The coveted National Sports Awards be it Arjuna Award, Dronacharya Award, Rajiv Khel Ratna Award or Dhyan Chand Award raise the ‘banner of controversy’ every year – so it didn’t really come as a surprise to see some athletes or coaches feeling ‘let down’ by their non-inclusion for these prestigious awards. There were more than just ‘mild whispers’ about the way ace shooting coach Jaspal Rana was overlooked for the Dronacharya Award that led to much consternation in social media circles.
Indian women hockey fullback Deepika Thakur is another one, who must be feeling ‘hugely disappointed at being ignored yet again – the 32-year-old Haryana girl, who had featured in two World Cups and three Asian Games and had arrived on the international hockey stage much before Indian men’s hockey player Chinglensana Singh (hockey nomination for 2019 Arjuna Awards) had made his senior international hockey debut in 2011. Obviously, there are genuine reasons to feel that Deepika should have been conferred with the Arjuna Awards this time around. But the biggest ‘confusing and surprising’ Arjuna Award pick has been women’s boxer Sonia Lather.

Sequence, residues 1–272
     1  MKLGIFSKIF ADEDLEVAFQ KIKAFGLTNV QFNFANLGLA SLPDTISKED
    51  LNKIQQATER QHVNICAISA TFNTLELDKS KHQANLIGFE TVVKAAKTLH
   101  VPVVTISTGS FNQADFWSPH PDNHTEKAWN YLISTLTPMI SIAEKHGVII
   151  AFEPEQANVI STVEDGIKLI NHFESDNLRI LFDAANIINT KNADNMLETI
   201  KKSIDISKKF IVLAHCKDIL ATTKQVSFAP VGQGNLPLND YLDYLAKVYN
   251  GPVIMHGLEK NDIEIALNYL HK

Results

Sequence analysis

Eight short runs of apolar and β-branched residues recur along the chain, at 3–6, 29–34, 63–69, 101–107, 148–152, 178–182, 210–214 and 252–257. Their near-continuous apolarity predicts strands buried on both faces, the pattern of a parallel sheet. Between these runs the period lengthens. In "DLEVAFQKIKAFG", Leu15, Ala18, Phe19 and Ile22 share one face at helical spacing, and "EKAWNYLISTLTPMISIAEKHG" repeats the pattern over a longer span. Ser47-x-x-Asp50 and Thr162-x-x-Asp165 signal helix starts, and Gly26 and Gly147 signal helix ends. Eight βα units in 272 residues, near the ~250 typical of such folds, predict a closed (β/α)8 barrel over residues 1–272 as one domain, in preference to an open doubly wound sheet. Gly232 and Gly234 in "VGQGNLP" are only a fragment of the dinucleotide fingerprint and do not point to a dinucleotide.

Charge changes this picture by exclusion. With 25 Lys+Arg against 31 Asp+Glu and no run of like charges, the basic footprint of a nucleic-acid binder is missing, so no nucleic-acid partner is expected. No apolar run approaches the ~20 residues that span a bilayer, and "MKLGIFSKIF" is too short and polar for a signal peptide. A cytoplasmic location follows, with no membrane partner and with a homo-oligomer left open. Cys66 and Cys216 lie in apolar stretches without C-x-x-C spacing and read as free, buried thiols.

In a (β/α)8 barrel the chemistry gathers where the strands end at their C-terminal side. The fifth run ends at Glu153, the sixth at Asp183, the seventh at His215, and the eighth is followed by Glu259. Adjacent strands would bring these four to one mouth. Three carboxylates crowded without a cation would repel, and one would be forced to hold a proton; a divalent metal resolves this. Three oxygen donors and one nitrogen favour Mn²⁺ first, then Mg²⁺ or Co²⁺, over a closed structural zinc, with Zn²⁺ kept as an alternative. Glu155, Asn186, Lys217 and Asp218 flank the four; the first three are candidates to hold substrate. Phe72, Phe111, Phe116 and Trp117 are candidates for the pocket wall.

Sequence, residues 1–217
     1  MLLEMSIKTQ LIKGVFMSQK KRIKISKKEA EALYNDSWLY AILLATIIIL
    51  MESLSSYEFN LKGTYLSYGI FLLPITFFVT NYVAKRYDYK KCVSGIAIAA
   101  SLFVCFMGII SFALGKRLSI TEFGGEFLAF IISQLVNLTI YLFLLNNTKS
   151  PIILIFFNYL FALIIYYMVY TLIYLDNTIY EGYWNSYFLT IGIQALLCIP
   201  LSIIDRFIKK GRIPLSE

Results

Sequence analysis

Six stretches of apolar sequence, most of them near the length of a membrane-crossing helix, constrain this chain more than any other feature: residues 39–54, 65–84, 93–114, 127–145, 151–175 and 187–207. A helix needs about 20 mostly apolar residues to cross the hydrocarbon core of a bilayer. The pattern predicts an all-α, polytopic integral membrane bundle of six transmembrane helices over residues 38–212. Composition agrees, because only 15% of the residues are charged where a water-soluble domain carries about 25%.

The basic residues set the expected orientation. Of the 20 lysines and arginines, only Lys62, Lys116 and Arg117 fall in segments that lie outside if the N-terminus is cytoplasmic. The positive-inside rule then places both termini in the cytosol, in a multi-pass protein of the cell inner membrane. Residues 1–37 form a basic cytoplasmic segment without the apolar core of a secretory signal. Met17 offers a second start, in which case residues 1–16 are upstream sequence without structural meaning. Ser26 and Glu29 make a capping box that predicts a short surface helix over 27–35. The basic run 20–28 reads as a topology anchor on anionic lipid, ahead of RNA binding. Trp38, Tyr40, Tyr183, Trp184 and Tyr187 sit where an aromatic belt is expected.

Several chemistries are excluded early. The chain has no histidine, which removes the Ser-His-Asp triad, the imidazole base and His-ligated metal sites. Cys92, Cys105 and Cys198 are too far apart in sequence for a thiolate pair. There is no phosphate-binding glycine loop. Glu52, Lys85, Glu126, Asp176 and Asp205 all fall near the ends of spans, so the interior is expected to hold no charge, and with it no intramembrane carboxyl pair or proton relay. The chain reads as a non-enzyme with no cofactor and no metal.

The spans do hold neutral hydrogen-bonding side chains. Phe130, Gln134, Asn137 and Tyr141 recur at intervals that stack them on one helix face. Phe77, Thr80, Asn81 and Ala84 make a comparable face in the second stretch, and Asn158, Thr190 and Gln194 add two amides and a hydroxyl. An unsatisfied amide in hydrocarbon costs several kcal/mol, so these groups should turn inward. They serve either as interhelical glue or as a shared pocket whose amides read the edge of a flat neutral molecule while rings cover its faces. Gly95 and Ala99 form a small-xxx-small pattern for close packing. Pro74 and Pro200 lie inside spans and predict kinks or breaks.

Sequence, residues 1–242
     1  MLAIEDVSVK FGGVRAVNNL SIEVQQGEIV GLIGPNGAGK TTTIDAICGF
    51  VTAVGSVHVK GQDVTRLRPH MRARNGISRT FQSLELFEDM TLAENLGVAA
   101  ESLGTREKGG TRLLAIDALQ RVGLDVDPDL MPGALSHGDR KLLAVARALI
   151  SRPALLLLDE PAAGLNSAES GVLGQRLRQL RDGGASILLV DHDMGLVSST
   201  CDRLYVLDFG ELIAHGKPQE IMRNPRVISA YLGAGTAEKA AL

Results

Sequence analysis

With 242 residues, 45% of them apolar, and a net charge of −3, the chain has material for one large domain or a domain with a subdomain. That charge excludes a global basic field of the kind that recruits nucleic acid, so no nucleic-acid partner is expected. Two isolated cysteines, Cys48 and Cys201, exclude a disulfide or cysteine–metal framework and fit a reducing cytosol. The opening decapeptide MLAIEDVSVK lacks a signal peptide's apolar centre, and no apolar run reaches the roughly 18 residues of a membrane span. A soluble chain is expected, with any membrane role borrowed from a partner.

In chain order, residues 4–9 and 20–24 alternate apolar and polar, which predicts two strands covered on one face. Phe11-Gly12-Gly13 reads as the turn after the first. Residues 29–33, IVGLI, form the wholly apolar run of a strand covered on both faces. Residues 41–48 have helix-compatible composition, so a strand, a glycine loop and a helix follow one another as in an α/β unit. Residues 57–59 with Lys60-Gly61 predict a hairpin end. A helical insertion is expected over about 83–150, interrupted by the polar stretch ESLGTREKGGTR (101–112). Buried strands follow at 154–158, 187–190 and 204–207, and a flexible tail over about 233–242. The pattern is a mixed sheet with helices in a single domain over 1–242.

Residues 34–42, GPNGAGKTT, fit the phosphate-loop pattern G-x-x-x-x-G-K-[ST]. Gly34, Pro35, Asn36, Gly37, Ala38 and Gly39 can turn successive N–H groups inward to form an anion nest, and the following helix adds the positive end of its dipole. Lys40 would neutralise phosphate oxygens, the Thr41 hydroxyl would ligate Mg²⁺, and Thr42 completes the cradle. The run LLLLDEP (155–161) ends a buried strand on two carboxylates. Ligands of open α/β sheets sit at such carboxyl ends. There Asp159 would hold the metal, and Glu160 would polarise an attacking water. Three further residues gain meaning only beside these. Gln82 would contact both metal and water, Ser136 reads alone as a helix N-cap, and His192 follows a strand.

Sonia's recommendation came as a surprise
The 27-year-old Haryana lass, who had made the country proud by bagging a silver medal in the featherweight category (57-kg) at the 2016 AIBA World Women’s Boxing Championship at Astana, Kazakhstan, inexplicably had to wait for three years to get this award. Interestingly, Sonia Lather along with Sarjubala Devi and Saweety Boora were nominated by the Boxing Federation of India (BFI) for the 2017 Arjuna Awards, but none of them made the cut that year. There is no doubt that Sonia richly deserved the Arjuna Award, but her recommendation sprang a surprise as her nomination was pitted against the likes of two heavyweights – 2017 World Championship bronze medallist Gaurav Bhiduri and 2018 Asian Games gold medallist Amit Panghal. “The whole process is so confusing – Sonia won the World Championship silver medal in 2016, she was nominated by the BFI in 2017 and won this award in 2019,” said a former boxing federation official pleading anonymity.